The Apollo 11 mission launched from the Kennedy Space Center on Merritt Island, Florida, July 16, 1969, and made history four days later when astronauts Neil Armstrong and Edwin "Buzz" Aldrin walked on the moon. Armstrong and Aldrin landed on the moon at 4:16 p.m. EDT, and Armstrong became the first man to set foot on the moon at 10:38 p.m. EDT.
The first manned flight to the moon occurred seven months prior to Apollo 11. On Dec. 21, 1968, Apollo 8, carrying Frank Borman, James Lovell and William Anders, launched atop the Saturn V rocket from the Kennedy Space Center. On Dec. 24, the crew entered lunar orbit and were the first humans to ever orbit another celestial object and the first to see an Earthrise. The astronauts celebrated the milestone with a special Christmas Eve broadcast. The next two Apollo mission, Apollo 9 and Apollo 10, served to test the feasibility of a lunar landing.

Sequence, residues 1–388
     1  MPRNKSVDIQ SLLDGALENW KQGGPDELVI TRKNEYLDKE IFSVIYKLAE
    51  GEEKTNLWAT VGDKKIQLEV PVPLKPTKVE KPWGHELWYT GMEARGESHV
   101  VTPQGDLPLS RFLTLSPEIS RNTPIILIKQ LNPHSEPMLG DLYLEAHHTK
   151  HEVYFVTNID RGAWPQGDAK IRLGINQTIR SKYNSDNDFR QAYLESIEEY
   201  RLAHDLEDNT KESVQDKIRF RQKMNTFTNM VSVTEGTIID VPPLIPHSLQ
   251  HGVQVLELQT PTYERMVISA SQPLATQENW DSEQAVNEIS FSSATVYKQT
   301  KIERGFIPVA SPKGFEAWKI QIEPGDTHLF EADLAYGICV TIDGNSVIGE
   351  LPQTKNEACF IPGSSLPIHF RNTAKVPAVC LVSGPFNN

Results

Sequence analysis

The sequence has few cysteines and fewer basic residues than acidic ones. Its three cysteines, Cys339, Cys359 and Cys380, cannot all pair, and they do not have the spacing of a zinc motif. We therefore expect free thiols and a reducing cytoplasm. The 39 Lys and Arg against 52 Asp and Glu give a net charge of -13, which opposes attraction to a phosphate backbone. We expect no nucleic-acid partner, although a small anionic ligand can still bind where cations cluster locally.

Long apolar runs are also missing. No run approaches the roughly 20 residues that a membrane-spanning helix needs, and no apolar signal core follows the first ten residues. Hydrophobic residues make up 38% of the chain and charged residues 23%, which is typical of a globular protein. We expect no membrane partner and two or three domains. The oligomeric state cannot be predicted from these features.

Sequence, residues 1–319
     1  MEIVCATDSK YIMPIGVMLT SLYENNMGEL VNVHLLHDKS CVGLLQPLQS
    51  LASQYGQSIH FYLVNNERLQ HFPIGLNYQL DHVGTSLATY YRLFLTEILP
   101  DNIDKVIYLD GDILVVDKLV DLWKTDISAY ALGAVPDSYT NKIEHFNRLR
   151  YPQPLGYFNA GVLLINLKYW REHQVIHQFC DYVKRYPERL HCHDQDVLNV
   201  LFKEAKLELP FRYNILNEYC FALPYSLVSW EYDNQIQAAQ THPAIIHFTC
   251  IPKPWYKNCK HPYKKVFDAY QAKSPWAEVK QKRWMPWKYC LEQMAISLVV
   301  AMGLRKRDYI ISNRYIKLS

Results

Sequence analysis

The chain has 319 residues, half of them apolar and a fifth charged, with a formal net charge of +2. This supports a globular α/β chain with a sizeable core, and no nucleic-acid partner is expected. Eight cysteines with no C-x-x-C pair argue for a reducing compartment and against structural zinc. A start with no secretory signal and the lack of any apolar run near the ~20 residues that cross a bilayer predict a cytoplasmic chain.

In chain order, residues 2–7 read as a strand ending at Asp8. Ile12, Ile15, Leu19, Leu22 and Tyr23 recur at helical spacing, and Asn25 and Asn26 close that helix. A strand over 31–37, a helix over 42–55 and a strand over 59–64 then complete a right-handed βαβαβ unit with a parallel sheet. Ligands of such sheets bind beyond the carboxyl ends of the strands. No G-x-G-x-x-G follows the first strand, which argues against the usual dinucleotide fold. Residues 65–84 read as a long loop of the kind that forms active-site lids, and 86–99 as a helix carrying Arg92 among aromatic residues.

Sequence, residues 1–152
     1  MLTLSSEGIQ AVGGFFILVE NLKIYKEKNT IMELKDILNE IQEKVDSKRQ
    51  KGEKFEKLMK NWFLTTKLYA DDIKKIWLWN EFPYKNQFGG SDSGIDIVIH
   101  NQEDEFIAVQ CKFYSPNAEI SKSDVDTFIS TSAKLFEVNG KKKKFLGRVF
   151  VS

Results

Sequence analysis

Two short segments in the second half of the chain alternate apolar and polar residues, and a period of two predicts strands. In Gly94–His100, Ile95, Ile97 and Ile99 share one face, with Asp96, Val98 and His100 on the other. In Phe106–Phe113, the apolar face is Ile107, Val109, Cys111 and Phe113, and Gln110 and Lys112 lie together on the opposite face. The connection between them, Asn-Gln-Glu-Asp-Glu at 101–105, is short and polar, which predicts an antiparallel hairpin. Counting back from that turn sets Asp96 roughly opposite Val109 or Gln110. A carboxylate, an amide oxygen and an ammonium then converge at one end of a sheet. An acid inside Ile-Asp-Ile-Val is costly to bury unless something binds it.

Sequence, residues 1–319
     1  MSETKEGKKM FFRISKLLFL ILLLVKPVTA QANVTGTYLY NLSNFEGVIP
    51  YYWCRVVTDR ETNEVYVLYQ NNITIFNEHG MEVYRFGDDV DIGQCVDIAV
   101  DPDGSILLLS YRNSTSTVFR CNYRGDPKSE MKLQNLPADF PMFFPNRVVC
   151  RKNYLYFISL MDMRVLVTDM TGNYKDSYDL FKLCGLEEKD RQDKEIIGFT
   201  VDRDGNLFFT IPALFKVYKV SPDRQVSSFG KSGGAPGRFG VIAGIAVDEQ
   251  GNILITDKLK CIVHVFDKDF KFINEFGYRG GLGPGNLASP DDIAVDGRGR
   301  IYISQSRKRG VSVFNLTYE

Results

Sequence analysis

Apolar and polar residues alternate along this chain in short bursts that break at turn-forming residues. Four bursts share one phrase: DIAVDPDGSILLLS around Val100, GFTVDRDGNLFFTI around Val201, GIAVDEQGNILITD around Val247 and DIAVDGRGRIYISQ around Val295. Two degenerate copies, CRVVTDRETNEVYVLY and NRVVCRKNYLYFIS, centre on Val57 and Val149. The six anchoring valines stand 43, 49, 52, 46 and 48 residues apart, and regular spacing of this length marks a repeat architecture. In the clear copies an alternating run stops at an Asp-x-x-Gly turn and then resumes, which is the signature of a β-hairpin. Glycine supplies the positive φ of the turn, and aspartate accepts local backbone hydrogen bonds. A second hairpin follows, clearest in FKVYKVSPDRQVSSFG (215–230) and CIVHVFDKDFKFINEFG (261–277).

Apollo 9 tested the crewed lunar module, or LM, the joined command and service module, or CSM, and the portable life support system. Apollo 10 served as the "dress rehearsal" and completed every aspect of a lunar mission except for the landing. Astronauts Thomas Stafford, Eugene Cernan and John Young orbited the moon and performed a descent to nine miles above the lunar surface.
Armstrong served as Apollo 11 commander with Michael Collins serving as command module pilot and Aldrin serving as lunar module pilot. The astronauts performed the first lunar orbit insertion maneuver July 19 and the LM performed the descent orbit insertion July 20. The "Eagle" landed in the Sea of Tranquility at 4:16 p.m. EDT. Armstrong and Aldrin spent 21 hours, 36 minutes on the moon and returned to Earth on July 24, 1969.